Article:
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All of Us Strangers an eye-opening journey into the emotional unknown

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Photo courtesy of Searchlight Pictures
Photo courtesy of Searchlight Pictures

"What if?" is a staple of life. What if I took this path instead of the other? What if I had learned to be more financially responsible as a youngster? What if I had paid more attention in school, learned another language, or challenged myself to do things outside of what I thought was my comfort zone? How would my life have changed? What sort of person would I be? Or would everything work out similarly to what they are now?

These are common questions that everyone, everywhere has certainly had at some point during their lifetime, and that countless types of entertainment throughout history have played with. Leave it to acclaimed filmmaker Andrew Haigh (45 Years, Weekend) to tackle them with such bracingly honest elasticity and internalized naturalism. All of Us Strangers is maybe 2023's best film.

Photo courtesy of Searchlight Pictures  

Loosely adapted from Japanese author Taichi Yamada's 1987 novel Strangers, Haigh's take brings things to a modern London and focuses on a struggling middle-aged writer, Adam (Andrew Scott), living alone in a nearly empty high-rise somewhere in the middle of the city. After a chance encounter with a mysterious neighbor, Harry (Paul Mescal), things take an unforeseen turn. Not only does Adam enter into a torrid affair with the younger man, but he is also drawn back to the small suburban town of his youth to revisit his childhood home.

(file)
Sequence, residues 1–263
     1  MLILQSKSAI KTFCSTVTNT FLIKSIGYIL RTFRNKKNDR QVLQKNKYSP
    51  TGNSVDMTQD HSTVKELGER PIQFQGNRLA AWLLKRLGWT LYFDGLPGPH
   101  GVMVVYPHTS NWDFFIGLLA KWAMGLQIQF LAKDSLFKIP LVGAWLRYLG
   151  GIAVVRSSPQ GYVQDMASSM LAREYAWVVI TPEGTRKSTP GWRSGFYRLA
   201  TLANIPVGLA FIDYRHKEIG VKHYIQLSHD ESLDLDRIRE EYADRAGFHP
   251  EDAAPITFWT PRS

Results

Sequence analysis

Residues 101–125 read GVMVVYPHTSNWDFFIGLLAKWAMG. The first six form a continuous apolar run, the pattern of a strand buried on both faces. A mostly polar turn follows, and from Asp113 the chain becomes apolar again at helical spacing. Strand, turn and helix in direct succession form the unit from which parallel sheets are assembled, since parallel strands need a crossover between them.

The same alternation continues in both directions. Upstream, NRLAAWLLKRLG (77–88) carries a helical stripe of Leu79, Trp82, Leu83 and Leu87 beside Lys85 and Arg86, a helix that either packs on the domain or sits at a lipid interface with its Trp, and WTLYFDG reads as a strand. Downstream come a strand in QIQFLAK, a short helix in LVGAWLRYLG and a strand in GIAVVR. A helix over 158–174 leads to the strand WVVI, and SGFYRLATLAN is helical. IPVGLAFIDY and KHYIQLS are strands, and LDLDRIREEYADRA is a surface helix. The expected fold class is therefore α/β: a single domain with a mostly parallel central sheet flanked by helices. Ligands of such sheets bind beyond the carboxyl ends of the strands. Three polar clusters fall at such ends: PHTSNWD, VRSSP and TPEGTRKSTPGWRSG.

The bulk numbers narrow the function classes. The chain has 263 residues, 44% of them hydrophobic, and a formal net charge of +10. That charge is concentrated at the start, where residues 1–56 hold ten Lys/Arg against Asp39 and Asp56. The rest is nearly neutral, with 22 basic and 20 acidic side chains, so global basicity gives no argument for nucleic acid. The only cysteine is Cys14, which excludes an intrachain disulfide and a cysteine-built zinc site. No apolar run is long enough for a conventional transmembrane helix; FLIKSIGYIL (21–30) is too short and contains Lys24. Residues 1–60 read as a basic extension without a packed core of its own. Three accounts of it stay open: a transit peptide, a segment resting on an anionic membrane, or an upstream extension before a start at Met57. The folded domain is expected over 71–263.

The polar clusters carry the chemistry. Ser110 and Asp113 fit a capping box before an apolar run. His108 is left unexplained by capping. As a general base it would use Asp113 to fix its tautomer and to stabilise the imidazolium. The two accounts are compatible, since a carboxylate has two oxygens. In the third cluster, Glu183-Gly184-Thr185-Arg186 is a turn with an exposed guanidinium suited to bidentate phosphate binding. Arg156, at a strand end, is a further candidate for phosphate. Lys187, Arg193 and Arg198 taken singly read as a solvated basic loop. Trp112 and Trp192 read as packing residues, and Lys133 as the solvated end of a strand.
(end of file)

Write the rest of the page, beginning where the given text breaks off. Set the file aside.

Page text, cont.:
Photo courtesy of Searchlight Pictures  

What's strange about that? Well, Adam's parents (Jamie Bell and Claire Foy), killed in a tragic car accident decades prior, are there to welcome him. Now he is the same age they were when they passed, and all three have several questions they're eager to learn the answers to. Past and present collide, as do hope and heartbreak. Long-buried secrets come out into the open. Adam reveals truths about himself to his mother and father he was never able to as a child but always longed to have the opportunity to speak with them about. And yet, he's still terrified as to what their reaction to his coming out might be.

This is not a simple tale of romance juxtaposed with a supernatural "coming out" melodrama. Far from it. Haigh is a cinematic poet, and he intertwines Adam and Harry's affair into the writer's interactions with his parents with an otherworldly dexterity that allows each side of the narrative to be permanently knotted with the other. Each footstep Adam takes makes a permanent imprint upon the proceedings, and while these personal connections are ephemeral, the effect they have to wound, redeem, soothe, and even inspire is beyond imagining.

I won't try to sugarcoat things: All of Us Strangers demolished me. I couldn't help but think of my relationship with my parents — thankfully still with me and an important part of my life — as I watched the film play out to its shattering conclusion. I had so many opportunities to reveal who I was and what I wanted when I was young, and each time I went for the lie instead. I had intestinal surgery at 16, from an ulcer so severe it was literally eating me away, and still did not say a word about all I was questioning about myself. What I would not give to be able to play that moment out differently, the consequences be damned.